Whole Foods to Pay $800K for Overcharging California Consumers: Settlement

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File photo of a Whole Foods store in Sherman Oaks. (Credit: Clotee Allochuku / flickr via Creative Commons)

After a statewide investigation found widespread pricing violations at Whole Foods Markets in California, the company has settled with three Southern California cities and agreed to pay $800,000 in civil penalties.

The settlement was announcement Tuesday by the city attorney’s office in Los Angeles, where 10 Whole Foods stores operate. The city attorneys of Santa Monica and San Diego were also part of the lawsuit.

“We’re taking action to assure consumers get what they pay for,” L.A. City Attorney Mike Feuer said in a news release. “No consumer should ever be overcharged by their local market.”

State and county inspectors across California found that the upscale grocery chain was charging “more than the advertised price for a wide variety of food items,” according to Feuer’s office.

Whole Food stores sold packaged items with less product by weight than was indicated on labels, failed to deduct for the weight of containers for food purchased at the salad and hot-food bars, and sold items from the deli counter by the piece instead of by pound, the release stated.

Under the settlement, Whole Foods did not admit guilt, but agreed to charge accurate prices and make multiple changes at all 74 of its California stores for five years.

Whole Foods Market California, Inc. and Mrs. Gooch’s Natural Foods Markets, Inc. — which control stores in Northern and Southern California, respectively — are bound by the terms of the judgment.

The corporations must appoint two statewide coordinators to oversee pricing accuracy at California stores, designate an employee at each store to such accuracy, and conduct audits ensuring pricing and weight accuracy four times per year at each store.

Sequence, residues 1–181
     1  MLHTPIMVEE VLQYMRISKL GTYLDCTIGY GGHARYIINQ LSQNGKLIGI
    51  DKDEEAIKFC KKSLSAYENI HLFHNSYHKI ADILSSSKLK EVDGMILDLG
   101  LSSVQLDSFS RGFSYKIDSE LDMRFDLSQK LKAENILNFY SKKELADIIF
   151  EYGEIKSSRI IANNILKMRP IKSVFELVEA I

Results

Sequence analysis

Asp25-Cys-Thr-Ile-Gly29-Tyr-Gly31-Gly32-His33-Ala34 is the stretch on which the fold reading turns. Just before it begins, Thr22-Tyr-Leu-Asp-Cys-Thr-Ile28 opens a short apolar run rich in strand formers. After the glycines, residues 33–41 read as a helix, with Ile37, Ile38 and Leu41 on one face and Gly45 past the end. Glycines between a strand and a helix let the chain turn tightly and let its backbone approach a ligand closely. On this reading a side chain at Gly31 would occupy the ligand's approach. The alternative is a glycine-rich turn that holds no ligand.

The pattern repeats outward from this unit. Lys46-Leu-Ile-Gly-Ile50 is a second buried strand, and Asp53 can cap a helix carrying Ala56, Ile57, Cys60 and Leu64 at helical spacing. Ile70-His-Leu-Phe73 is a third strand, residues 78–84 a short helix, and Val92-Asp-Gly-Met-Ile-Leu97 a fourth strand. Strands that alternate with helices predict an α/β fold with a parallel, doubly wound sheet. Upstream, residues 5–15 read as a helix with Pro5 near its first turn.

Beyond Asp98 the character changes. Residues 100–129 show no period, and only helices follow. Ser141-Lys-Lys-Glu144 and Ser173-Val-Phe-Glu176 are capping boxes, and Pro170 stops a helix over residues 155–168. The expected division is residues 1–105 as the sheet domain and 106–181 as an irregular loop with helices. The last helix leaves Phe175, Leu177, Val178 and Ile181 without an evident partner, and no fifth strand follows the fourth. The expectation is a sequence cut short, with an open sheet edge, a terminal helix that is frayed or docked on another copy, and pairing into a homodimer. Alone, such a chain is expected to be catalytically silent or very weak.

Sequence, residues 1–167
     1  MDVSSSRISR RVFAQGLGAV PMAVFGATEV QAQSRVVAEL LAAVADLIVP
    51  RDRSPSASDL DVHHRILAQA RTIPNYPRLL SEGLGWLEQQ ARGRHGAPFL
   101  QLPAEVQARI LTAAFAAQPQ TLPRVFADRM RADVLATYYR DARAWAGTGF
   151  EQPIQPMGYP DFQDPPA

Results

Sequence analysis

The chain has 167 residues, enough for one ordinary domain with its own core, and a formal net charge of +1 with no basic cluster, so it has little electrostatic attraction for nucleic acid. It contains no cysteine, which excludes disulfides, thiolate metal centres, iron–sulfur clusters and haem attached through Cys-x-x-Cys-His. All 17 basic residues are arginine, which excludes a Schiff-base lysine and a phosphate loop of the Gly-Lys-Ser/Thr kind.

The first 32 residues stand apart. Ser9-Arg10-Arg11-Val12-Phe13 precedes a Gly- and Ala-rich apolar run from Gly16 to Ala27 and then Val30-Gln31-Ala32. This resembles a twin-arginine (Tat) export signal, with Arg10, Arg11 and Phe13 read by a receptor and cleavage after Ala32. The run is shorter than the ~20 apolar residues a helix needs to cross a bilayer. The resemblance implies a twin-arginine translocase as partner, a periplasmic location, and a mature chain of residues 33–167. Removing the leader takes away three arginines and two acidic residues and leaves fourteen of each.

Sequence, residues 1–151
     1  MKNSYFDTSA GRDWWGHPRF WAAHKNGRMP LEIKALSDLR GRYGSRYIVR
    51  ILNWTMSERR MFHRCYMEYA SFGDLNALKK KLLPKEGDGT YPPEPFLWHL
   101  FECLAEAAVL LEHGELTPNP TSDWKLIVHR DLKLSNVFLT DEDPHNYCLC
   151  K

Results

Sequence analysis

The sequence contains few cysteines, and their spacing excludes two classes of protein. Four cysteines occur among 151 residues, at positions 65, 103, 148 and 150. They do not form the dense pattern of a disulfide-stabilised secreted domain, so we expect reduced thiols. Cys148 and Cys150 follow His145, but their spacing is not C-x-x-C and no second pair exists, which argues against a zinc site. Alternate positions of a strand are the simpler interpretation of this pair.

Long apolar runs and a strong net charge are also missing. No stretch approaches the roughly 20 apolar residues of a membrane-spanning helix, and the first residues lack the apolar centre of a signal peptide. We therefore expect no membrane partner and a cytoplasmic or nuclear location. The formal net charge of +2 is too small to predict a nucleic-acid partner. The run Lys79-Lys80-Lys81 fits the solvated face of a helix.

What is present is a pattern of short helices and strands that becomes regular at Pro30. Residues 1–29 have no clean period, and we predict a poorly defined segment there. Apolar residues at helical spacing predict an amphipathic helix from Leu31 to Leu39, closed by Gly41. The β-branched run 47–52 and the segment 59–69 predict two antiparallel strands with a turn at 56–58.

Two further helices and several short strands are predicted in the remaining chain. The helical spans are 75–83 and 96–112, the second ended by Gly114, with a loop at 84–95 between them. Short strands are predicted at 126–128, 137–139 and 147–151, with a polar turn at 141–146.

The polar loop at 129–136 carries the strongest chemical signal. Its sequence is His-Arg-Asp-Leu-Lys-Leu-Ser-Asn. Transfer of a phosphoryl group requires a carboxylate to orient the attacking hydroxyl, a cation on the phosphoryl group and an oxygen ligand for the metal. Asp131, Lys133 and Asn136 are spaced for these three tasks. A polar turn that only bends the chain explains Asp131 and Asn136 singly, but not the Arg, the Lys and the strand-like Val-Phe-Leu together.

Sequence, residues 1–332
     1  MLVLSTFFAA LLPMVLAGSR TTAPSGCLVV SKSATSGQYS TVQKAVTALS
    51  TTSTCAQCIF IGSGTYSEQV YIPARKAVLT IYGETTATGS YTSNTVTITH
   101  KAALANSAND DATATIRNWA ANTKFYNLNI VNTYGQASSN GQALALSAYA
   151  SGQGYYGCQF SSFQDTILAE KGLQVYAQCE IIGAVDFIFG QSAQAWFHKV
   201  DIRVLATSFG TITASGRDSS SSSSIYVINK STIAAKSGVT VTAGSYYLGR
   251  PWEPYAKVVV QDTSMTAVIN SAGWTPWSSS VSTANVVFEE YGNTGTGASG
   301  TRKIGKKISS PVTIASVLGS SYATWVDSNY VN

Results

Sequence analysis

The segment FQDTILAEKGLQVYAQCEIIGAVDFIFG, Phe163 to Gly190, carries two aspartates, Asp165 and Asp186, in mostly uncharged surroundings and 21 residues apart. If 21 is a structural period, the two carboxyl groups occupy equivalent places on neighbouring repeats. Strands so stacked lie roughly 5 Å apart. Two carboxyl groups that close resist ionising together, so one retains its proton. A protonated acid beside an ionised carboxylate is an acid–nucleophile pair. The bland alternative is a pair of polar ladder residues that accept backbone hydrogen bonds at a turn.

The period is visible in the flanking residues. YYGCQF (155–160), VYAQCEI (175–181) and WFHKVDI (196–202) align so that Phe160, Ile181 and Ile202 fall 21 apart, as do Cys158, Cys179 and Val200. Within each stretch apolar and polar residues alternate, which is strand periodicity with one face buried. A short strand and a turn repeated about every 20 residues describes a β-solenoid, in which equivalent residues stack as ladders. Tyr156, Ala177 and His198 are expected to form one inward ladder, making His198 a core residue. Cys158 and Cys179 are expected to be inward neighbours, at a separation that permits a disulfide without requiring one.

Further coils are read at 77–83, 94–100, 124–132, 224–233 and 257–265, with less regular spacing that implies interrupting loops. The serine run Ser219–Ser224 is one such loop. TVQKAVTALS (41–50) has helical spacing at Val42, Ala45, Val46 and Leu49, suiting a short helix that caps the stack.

Whole Foods must also pay $630,000 in civil penalties, $100,000 to a statewide consumer protection trust fund, and $68,394 in investigative costs.

In a statement issued Tuesday, the company said it strives for transparency and accuracy and has cooperated with the city attorneys.

“Based on a review of our own records and a sampling of inspection reports from various city and county inspectors throughout California, our pricing on weighed and measured items was accurate 98 percent of the time,” the statement read. “While we realize that human error is always possible, we will continue to refine and implement additional processes to minimize such errors going forward.”

Austin, Texas-based Whole Foods operates more than 380 stores in the U.S., Canada and United Kingdom; it had nearly $13 billion in sales in 2013, according to the company’s website. It is the eighth largest food and drug store company in the U.S., the site states.

A customer loads bags of groceries into her car at a Whole Foods store February 17, 2010 in San Rafael, California. (Photo by Justin Sullivan/Getty Images)

A customer loads bags of groceries into her car at a Whole Foods store February 17, 2010 in San Rafael, California. (Photo by Justin Sullivan/Getty Images)

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